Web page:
The researchers then, “split the data into ‘comment’ (tweets which were about the use of word itself) and ‘conversation’ (tweets which included the word as part of a conversation).”

So my question regarding reporting versus using seems to have been answered. The researchers go on to record, “We found 7,993 tweets that were commenting on usage of these words, 108,409 that were actual conversational usage.” A quick bit of approximate doing the sums in my head, that’s only around 1 in 14 or 15 that was discussing usage versus conversation.

In their analysis of usage, they broke down use into “Serious/non-offensive”, “colloquial/casual”, “Generally misogynistic”, “Abusive”, and “Other (inc. subversive and porn)” and used a sample of 500 manually assessed tweets to estimate proportions (with the headline finding of 18% misogynistic; also 20% classed as “abusive”). [If you click through to the paper, be aware – the example of “abusive” usage the authors chose also includes threats of violence]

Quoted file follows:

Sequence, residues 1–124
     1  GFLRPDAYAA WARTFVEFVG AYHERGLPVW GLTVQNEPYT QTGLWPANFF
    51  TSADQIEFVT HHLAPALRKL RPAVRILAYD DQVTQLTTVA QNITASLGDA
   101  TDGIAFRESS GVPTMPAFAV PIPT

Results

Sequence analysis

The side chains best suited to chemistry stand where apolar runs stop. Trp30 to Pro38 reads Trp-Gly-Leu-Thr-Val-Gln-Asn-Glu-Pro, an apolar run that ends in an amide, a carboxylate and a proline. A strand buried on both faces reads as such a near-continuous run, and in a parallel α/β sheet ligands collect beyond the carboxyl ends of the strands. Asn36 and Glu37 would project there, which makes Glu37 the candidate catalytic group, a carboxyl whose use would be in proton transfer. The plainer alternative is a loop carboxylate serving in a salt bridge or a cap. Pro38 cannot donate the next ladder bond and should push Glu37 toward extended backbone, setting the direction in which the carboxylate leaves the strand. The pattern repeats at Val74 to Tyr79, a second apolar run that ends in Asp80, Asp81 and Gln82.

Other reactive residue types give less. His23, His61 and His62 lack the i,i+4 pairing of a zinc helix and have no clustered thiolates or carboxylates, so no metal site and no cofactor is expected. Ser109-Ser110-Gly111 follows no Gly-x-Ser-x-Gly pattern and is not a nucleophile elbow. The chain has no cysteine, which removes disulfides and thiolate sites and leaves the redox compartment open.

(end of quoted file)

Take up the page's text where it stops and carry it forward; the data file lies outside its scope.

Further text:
I do have one issue with the paper. In the “Key findings”, the authors write,

Women are as almost as likely as men to use the terms ‘slut’ and ‘whore’ on Twitter. Not only are women using these words, they are directing them at each other, both casually and offensively; women are increasingly more inclined to engage in discourses using the same language that has been, and continues to be, used as derogatory against them.

This does not seem to be supported by the analysis as presented. It may be true (certainly, given the graph of usage by gender shows roughly equal usage, which means a sizeable proportion of women’s tweets must have been “conversation” as opposed to “comment”) but it hasn’t been demonstrated. To demonstrate it, I would need to see a breakdown by gender of the types of usage table, which isn’t provided.